Last weekend we headed down to Te Anau to run the Kepler.
We arrived into Qtown and had to hold Wippet Anthony Edmond’s back from his favorite bike trail Grundy!
We had a pie and got a few supplies for our big day on the Kepler.
After a lazy beautiful afternoon in Te Anau we got a good rest before hitting the track.
Video By Anthony Edmonds
Click below for the GPS info
The Kepler Track is a 60 km (37 mi) circular tramping track which travels through some spectacular scenery of the South Island of New Zealand and is situated near the town of Te Anau. The track passes through many landscapes of theFiordland National Park such as rocky mountain ridges, tall mossy forests, lake shores, deep gorges, rare wetlands and rivers. Like the mountains it traverses, the track is named after Johannes Kepler. The track is one of the New Zealand Great Walks and is administered by New Zealand Department of Conservation (DOC).
Compared with other tracks in New Zealand, this walking track is constructed to a very high standard. Most streams are bridged, boardwalks cover boggy areas and the very steep sections have steps. It is a moderate walking track that takes three to four days to complete.
The Kepler Track is also home to the Kepler Challenge, an annual running race that traverses the whole 60 kilometres, which the winners complete in less than five hours.
Māori legend has it that Rakaihautu, legendary leader of the Māori migration canoe Uruao, is said to have named the great lakes while exploring the interior of the South Island. During a period of wet weather his party found a large and beautiful lake which they named Te Ana Au, meaning cave of rain, and just south of it another lake which Rakaihautu named Roto Ua, the lake where rain is constant. Today we know Roto Ua as Lake Manapouri. The Kepler is situated between the two lakes.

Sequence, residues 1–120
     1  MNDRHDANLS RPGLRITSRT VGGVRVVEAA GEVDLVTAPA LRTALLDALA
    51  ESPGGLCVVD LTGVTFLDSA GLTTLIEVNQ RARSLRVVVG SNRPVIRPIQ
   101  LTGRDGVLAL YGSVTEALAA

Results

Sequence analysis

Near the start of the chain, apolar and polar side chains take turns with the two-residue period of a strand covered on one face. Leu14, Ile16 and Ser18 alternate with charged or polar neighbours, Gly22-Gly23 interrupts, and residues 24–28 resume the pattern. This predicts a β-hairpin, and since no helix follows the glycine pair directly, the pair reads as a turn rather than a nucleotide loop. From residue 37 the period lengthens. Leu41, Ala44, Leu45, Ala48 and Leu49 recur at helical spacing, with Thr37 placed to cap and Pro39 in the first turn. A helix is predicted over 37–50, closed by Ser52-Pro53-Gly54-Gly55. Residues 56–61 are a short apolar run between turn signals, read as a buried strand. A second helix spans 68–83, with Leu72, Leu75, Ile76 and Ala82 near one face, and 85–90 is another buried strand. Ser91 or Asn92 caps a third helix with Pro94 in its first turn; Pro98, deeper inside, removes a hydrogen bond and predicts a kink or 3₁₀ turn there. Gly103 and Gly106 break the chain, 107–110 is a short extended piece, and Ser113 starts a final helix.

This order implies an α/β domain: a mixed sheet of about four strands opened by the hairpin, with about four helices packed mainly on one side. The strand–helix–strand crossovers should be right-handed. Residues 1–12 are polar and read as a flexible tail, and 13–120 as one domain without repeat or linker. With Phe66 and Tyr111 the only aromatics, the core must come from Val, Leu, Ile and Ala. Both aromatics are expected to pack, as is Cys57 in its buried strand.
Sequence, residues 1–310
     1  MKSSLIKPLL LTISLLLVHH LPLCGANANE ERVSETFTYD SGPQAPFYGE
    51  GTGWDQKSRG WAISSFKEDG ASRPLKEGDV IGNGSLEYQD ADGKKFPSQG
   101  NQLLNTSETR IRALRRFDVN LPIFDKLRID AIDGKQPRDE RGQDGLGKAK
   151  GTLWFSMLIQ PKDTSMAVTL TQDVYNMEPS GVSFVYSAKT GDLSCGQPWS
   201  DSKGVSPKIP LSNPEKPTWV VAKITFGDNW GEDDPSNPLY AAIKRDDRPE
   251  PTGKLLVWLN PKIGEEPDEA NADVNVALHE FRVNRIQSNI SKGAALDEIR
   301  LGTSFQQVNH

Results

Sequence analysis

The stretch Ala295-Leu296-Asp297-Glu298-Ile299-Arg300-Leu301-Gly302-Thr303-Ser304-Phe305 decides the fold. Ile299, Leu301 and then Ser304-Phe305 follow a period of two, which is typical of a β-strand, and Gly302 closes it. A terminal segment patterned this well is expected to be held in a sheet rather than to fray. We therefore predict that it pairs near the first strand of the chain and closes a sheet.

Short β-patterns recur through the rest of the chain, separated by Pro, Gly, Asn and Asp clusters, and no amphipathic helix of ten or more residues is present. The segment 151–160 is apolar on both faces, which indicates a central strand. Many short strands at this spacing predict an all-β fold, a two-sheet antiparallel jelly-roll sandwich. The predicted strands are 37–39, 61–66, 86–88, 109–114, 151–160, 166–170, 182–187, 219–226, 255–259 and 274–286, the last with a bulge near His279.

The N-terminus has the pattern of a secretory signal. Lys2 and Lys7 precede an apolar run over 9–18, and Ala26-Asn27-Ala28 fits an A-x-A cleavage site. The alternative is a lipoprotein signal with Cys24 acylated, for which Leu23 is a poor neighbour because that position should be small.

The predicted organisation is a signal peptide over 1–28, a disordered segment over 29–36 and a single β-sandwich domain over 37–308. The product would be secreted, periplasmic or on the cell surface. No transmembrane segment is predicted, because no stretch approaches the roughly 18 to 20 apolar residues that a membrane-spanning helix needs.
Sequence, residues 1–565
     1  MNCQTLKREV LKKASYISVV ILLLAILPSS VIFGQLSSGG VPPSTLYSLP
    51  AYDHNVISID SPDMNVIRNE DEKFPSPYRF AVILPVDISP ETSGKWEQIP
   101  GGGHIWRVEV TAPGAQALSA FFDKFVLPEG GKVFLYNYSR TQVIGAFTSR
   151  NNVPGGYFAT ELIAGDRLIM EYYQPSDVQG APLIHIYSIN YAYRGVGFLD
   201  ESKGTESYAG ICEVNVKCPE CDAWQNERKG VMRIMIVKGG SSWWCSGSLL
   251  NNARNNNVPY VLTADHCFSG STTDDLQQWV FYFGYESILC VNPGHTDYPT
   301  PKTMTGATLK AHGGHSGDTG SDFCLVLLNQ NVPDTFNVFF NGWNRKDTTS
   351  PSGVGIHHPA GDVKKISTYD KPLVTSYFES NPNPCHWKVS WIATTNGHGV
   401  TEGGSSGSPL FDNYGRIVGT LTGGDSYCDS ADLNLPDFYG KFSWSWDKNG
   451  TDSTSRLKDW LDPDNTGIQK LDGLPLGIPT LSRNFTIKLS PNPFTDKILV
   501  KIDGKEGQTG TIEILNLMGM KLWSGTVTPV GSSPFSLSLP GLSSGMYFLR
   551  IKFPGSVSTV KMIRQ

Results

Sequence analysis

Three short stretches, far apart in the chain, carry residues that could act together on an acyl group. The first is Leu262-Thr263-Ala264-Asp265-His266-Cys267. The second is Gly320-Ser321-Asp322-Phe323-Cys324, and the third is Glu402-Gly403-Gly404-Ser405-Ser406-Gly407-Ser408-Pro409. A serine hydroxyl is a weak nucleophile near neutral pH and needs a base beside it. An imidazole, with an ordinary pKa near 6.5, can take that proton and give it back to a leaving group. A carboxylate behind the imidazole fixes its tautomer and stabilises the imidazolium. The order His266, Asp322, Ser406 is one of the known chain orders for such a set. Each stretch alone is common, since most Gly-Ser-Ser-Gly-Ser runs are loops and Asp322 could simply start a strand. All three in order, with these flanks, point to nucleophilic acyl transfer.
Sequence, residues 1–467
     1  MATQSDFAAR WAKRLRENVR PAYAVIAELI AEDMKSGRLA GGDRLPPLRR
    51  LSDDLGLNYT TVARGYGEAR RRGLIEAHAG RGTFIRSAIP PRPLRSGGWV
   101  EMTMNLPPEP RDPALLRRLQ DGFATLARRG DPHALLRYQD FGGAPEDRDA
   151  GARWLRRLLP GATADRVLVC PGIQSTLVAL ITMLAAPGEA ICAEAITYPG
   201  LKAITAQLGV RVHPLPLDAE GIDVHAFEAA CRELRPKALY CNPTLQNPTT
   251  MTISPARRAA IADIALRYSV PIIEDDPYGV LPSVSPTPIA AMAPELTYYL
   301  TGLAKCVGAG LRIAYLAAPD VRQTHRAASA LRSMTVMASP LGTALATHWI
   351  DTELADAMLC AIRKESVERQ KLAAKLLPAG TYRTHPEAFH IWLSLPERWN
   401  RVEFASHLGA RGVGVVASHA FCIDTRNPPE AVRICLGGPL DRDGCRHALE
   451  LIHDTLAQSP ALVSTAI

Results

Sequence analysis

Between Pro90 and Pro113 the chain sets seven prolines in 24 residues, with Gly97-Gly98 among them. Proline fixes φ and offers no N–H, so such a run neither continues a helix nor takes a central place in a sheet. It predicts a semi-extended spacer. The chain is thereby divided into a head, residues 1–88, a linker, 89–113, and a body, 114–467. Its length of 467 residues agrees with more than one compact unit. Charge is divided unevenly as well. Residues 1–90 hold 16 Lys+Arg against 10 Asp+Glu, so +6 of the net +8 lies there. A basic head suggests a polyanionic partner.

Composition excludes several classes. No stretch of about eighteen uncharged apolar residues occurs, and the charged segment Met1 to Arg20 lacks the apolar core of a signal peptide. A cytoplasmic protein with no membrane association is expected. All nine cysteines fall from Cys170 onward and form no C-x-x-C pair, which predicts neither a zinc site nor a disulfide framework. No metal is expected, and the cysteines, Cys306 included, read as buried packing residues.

Richard Henry, Fiordland’s first ranger, lived at the southern end of Lake Te Anau for many years and often explored the Kepler area. James McKerrow named the range after the 17th Century German astronomer Johannes Kepler.
Early tracks up onto Mt. Luxmore were cut by Jack Beer to provide summer grazing for his sheep. Many tracks in New Zealand have evolved from Māori trails or pioneer exploration routes. The Kepler track however was established in 1988 and opened in February of that year as a Great Walk as part of the Fiordland National Park Centennial celebrations. Funding came from New Zealand Tourist and Publicity Department. It was designed to ease the strain on the popularMilford and Routeburn Tracks. The track had a considerable contribution from the International Expedition Operation Raleigh during 1986/87, when expeditioners from around the world constructed much of the walkways and the Iris Burn and Mount Luxmore huts.
The caves at Mt Luxmore were also mapped and Mount Raleigh was named above the Iris Burn.
The track is usually recommended to be walked in this route from the Lake Te Anau Control Gates. It can be walked in either direction. If time is short, the track can be shortened to three days by exiting or entering at the Rainbow Reach swing bridge using a car or bus.
While it is possible to complete the Kepler whilst camping this requires a 10 hour hike between Brod Bay and Iris Burn campsites. A much easier option is to stay at Luxmore Hut on the first night, then continue on to Iris Burn campsite for the second night, completing the track to Rainbow Reach on day three.